OxyContin was designed to slowly release the opioid drug oxycodone. After people started abusing it by crushing the pills and inhaling the powder or dissolving the pills in water and injecting it to get a rush, the drug maker introduced a new formula in the U.S. in 2010 to make inhaling and injecting more difficult.
The new pills are harder to crush and dissolve more slowly.
In Wednesday's issue of the New England Journal of Medicine, investigators in the U.S. said use of OxyContin by inhalation and injection has dropped significantly since the abuse-deterrent form went on the market.
"In that sense, the new formulation was very successful," said author and principal investigator Theodore Cicero, a professor of neuropharmacology in psychiatry at Washington University School of Medicine in St. Louis, Mo.
"The most unexpected, and probably detrimental, effect of the abuse-deterrent formulation was that it contributed to a huge surge in the use of heroin," he added in a release.
OxyContin was a popular drug in suburban and urban areas, where drug abusers have now shifted either to more potent opioids if they can find them or to heroin, he said.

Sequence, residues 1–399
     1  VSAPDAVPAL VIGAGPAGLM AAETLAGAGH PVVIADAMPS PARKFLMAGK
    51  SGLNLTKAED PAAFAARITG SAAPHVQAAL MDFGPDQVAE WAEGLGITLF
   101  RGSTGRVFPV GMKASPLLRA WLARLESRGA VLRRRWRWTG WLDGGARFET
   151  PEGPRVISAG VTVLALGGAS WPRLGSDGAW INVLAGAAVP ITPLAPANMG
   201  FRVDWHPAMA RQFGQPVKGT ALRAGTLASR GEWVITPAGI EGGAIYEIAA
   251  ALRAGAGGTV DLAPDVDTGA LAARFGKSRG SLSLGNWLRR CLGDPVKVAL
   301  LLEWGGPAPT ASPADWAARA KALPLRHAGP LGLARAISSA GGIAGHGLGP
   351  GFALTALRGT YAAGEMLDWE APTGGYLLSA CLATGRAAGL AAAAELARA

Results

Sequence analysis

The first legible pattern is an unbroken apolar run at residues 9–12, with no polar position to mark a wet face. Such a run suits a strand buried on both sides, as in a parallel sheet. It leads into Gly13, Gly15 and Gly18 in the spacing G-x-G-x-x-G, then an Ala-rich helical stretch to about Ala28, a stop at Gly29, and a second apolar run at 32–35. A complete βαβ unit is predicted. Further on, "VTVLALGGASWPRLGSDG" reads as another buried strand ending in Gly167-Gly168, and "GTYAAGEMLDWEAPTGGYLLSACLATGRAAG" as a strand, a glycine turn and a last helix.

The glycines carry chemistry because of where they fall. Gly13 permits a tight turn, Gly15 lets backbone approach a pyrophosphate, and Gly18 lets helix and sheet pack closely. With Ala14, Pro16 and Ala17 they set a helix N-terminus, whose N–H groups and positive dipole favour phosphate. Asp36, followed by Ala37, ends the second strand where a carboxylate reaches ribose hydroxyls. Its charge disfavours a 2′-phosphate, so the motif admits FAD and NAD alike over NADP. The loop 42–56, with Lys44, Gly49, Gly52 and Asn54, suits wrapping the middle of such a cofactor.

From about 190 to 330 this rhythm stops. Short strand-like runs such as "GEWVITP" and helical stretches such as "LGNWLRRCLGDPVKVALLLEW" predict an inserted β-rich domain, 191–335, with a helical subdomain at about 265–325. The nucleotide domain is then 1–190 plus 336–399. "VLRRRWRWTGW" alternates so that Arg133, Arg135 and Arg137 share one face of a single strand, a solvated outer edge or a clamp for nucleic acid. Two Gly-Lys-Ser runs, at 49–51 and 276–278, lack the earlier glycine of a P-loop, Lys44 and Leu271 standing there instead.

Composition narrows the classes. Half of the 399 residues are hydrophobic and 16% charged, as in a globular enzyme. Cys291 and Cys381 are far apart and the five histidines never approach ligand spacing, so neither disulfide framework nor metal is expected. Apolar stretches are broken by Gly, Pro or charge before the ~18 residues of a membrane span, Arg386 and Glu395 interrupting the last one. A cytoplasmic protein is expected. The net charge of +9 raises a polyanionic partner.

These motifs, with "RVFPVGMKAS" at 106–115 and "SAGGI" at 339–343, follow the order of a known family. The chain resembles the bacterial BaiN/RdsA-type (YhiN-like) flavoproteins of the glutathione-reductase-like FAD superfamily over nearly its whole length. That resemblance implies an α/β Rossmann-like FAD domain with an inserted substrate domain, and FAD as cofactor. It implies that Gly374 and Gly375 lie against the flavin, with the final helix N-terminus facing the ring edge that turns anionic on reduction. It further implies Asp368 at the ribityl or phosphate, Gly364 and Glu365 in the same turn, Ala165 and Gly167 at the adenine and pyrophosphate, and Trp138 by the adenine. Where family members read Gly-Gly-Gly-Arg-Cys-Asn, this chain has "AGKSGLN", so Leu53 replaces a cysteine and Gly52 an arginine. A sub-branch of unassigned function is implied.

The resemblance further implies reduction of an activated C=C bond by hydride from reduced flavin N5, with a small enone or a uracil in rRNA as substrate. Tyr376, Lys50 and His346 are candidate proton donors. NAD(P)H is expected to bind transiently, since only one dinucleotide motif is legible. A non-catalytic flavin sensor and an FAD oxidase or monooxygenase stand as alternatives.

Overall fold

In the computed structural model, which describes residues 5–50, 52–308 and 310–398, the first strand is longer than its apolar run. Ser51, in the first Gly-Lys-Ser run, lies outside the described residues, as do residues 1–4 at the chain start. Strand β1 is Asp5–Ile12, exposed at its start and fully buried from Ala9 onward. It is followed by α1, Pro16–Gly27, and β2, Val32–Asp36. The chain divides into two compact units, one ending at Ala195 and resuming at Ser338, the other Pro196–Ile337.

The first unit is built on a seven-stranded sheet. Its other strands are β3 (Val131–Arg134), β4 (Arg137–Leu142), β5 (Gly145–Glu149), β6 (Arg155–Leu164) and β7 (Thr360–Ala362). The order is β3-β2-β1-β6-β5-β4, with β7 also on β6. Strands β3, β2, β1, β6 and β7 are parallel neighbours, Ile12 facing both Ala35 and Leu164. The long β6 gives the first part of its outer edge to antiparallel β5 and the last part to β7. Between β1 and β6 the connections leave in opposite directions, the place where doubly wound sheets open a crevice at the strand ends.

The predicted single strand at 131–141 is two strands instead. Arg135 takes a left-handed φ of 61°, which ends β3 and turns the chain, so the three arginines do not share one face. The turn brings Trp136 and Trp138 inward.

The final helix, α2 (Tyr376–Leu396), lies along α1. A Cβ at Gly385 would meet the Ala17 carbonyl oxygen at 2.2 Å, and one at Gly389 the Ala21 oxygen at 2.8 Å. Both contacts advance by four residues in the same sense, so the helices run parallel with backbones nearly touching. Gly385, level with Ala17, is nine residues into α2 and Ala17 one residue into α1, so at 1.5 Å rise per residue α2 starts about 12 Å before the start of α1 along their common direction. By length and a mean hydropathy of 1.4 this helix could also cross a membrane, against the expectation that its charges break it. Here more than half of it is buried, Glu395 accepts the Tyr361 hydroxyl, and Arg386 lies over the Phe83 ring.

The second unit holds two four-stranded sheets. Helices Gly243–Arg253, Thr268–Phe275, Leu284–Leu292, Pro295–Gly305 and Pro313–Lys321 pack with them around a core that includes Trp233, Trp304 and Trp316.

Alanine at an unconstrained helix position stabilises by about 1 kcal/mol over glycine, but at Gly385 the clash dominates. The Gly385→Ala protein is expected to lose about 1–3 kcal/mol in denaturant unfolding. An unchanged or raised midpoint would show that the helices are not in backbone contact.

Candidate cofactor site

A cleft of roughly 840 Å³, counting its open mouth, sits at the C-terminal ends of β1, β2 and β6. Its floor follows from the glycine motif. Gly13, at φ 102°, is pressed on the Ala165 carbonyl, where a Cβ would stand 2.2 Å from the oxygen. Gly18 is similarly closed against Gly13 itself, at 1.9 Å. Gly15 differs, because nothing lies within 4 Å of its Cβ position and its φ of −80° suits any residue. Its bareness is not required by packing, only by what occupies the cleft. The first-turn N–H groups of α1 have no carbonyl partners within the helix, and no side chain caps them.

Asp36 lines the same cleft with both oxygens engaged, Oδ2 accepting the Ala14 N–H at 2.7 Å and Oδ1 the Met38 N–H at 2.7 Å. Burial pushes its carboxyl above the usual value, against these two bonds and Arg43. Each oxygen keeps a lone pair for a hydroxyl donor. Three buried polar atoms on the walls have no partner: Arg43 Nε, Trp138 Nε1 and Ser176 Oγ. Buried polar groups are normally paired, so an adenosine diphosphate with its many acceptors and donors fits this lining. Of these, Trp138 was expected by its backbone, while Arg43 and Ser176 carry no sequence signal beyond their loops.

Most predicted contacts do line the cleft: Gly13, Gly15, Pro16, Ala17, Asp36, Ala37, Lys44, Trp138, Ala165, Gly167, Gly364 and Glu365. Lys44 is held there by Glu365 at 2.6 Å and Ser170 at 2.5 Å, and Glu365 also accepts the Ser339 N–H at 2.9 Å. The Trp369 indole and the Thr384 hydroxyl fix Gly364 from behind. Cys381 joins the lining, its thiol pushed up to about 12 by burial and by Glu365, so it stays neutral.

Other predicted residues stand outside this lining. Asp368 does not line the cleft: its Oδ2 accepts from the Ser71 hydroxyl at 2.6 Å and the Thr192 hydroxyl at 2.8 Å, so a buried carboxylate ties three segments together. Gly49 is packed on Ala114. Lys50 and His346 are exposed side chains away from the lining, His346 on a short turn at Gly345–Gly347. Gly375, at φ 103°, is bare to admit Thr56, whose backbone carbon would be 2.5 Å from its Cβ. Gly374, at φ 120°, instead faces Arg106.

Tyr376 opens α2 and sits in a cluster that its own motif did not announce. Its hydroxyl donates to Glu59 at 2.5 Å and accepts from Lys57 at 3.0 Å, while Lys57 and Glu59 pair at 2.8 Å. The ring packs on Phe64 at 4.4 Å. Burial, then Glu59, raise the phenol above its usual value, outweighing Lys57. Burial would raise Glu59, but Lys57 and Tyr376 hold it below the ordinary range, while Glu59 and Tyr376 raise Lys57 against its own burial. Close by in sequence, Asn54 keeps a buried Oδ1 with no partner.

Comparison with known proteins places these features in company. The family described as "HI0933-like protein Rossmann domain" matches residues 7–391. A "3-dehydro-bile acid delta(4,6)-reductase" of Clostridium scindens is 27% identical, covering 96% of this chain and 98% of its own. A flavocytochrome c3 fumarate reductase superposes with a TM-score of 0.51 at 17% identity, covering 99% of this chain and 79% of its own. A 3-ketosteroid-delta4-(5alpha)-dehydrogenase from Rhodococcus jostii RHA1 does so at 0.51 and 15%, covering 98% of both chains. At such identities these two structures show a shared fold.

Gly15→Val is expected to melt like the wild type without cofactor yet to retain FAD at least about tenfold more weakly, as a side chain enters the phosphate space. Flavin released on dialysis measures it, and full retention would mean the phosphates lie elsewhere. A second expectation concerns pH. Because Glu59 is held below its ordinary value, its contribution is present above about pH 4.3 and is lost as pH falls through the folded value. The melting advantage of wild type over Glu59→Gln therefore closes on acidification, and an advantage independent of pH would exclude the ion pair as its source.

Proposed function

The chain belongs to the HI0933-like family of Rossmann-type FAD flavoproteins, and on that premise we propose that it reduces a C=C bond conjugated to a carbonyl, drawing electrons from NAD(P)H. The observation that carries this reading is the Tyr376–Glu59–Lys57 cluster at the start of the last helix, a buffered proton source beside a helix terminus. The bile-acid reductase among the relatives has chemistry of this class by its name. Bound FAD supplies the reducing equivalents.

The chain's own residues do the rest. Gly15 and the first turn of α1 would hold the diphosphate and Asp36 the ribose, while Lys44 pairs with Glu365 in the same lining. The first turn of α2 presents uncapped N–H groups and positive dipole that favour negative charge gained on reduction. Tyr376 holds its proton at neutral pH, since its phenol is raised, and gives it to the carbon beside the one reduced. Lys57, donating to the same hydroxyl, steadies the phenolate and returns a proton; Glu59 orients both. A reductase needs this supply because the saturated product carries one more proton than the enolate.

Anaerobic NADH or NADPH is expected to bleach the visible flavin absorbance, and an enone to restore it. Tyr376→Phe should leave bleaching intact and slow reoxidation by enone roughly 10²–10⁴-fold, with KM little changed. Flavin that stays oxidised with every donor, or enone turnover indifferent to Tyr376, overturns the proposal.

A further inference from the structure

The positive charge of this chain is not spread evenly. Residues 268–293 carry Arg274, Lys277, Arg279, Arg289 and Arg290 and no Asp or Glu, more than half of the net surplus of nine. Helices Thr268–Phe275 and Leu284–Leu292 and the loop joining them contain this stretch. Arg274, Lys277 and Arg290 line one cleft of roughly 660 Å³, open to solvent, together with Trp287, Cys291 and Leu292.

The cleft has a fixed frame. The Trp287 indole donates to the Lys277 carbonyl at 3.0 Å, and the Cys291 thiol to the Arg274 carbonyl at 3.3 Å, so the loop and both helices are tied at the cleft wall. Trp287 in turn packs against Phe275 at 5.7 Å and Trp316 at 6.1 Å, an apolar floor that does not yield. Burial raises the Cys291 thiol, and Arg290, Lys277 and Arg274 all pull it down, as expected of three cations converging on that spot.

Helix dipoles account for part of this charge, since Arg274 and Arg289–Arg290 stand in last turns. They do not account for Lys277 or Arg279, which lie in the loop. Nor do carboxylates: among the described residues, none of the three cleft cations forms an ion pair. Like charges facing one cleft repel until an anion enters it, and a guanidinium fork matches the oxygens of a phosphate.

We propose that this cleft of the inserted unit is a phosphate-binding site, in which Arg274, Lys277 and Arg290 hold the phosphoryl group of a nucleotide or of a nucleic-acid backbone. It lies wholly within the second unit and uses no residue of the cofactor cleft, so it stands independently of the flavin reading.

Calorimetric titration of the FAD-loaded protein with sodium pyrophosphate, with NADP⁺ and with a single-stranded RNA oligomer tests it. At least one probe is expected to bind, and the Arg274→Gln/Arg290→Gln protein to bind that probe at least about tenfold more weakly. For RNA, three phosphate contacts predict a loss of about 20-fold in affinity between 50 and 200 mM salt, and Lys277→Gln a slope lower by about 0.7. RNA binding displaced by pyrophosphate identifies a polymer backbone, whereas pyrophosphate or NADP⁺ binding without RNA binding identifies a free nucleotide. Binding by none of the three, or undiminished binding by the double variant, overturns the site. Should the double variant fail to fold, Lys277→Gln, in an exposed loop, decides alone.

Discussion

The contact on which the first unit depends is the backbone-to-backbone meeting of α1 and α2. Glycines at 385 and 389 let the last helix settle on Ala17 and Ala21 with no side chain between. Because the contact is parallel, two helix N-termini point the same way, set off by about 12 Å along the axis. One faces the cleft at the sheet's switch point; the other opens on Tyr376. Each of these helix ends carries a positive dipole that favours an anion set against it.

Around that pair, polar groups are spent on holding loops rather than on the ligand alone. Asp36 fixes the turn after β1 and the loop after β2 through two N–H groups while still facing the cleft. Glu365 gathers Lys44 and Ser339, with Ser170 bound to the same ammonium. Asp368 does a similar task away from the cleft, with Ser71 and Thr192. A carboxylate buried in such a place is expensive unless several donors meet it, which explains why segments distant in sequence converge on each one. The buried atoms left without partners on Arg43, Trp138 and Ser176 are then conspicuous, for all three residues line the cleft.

Cicero's team collected survey information from more than 2,500 patients entering treatment for drug abuse in 39 states starting in 2009.
Cheaper way to get high
Nearly 36 per cent of abusers said OxyContin was their main drug before the new formulation came out, which dropped to about 13 per cent about 21 months later, the researchers said.
At the same time, selection of high-potency Fentanyl and hydromorphone rose "markedly" from 20 per cent to 32 per cent.
Earlier this week, police in Sarnia, Ont., said Fentanyl is becoming a killer street drug.
The U.S. researchers asked abusers why they had switched.
"These changes appear to be causally linked, as typified by one response: 'Most people that I know don't use OxyContin to get high anymore. They have moved on to heroin [because] it is easier to use, much cheaper and easily available," the researchers wrote in a letter to the journal.
They concluded that abuse-deterrent formulations may not be the "magic bullets" many hoped for in solving the opioid abuse problems.